24 Nov 2019

Rank #6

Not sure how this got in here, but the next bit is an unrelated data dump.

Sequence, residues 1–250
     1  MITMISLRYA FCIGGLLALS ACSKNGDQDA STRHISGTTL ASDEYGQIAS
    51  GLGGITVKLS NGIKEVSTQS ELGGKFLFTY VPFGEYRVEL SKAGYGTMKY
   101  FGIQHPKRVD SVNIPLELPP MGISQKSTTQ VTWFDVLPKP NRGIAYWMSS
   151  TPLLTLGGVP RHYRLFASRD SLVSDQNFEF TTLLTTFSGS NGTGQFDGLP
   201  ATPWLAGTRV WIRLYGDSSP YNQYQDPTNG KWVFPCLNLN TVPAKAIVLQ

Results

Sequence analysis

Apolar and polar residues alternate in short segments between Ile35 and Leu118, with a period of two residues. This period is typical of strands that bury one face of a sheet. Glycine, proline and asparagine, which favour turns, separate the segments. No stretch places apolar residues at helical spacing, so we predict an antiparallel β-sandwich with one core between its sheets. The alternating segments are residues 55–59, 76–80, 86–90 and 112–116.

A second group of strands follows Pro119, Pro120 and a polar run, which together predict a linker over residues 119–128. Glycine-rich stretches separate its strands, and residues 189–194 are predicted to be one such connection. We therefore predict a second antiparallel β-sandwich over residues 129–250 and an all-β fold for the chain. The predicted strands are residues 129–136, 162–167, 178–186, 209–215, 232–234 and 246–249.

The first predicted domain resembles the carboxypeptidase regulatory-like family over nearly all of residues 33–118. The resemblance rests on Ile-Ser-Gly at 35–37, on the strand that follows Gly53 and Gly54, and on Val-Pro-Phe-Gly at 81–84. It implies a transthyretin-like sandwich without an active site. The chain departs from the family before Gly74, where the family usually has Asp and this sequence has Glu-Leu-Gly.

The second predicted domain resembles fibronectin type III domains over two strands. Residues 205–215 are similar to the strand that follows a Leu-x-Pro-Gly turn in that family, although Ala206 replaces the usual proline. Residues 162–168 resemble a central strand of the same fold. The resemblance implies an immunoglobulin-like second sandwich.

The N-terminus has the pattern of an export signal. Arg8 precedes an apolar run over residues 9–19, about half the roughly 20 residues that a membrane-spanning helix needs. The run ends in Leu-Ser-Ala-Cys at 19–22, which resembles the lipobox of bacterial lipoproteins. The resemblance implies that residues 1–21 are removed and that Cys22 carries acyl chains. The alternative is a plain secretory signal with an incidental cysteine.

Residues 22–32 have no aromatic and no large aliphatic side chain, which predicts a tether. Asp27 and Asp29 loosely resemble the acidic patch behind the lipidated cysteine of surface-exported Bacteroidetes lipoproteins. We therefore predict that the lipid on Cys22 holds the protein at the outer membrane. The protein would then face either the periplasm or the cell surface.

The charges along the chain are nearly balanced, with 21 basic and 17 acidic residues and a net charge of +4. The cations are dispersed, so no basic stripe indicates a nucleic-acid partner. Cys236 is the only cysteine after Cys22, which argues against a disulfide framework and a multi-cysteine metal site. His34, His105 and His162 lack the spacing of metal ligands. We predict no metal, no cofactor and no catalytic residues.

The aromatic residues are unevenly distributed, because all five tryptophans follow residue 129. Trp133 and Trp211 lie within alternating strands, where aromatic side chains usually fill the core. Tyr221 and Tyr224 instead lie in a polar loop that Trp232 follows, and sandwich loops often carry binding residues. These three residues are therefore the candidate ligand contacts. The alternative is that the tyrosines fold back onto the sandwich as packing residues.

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Conquest and Conversion